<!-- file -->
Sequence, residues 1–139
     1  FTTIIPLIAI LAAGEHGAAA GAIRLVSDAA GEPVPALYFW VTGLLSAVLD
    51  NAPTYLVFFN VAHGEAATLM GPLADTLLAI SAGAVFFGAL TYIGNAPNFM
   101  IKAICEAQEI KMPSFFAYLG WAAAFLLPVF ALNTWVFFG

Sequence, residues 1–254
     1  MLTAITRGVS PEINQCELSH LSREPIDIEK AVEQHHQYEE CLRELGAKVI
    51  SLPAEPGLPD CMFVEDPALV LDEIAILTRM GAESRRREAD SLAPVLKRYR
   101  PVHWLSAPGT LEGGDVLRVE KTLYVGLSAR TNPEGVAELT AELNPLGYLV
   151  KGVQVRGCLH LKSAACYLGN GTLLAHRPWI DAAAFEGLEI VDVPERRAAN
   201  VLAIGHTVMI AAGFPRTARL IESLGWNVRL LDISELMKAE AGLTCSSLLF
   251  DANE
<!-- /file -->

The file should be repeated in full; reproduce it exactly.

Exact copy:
Sequence, residues 1–139
     1  FTTIIPLIAI LAAGEHGAAA GAIRLVSDAA GEPVPALYFW VTGLLSAVLD
    51  NAPTYLVFFN VAHGEAATLM GPLADTLLAI SAGAVFFGAL TYIGNAPNFM
   101  IKAICEAQEI KMPSFFAYLG WAAAFLLPVF ALNTWVFFG

Sequence, residues 1–254
     1  MLTAITRGVS PEINQCELSH LSREPIDIEK AVEQHHQYEE CLRELGAKVI
    51  SLPAEPGLPD CMFVEDPALV LDEIAILTRM GAESRRREAD SLAPVLKRYR
   101  PVHWLSAPGT LEGGDVLRVE KTLYVGLSAR TNPEGVAELT AELNPLGYLV
   151  KGVQVRGCLH LKSAACYLGN GTLLAHRPWI DAAAFEGLEI VDVPERRAAN
   201  VLAIGHTVMI AAGFPRTARL IESLGWNVRL LDISELMKAE AGLTCSSLLF
   251  DANE